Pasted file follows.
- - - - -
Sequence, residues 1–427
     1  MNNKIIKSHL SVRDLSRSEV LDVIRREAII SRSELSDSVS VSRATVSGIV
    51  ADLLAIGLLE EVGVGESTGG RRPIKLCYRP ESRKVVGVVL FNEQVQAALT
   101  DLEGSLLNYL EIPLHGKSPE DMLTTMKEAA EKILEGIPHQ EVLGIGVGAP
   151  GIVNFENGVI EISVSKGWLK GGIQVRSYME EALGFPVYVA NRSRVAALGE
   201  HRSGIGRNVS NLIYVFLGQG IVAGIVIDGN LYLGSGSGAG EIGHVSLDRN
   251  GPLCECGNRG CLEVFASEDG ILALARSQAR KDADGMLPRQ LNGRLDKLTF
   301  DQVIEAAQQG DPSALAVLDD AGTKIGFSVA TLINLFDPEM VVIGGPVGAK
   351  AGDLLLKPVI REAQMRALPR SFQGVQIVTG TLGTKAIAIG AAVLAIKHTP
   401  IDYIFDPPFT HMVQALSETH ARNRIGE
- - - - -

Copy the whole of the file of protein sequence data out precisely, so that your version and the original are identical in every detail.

Sequence, residues 1–427
     1  MNNKIIKSHL SVRDLSRSEV LDVIRREAII SRSELSDSVS VSRATVSGIV
    51  ADLLAIGLLE EVGVGESTGG RRPIKLCYRP ESRKVVGVVL FNEQVQAALT
   101  DLEGSLLNYL EIPLHGKSPE DMLTTMKEAA EKILEGIPHQ EVLGIGVGAP
   151  GIVNFENGVI EISVSKGWLK GGIQVRSYME EALGFPVYVA NRSRVAALGE
   201  HRSGIGRNVS NLIYVFLGQG IVAGIVIDGN LYLGSGSGAG EIGHVSLDRN
   251  GPLCECGNRG CLEVFASEDG ILALARSQAR KDADGMLPRQ LNGRLDKLTF
   301  DQVIEAAQQG DPSALAVLDD AGTKIGFSVA TLINLFDPEM VVIGGPVGAK
   351  AGDLLLKPVI REAQMRALPR SFQGVQIVTG TLGTKAIAIG AAVLAIKHTP
   401  IDYIFDPPFT HMVQALSETH ARNRIGE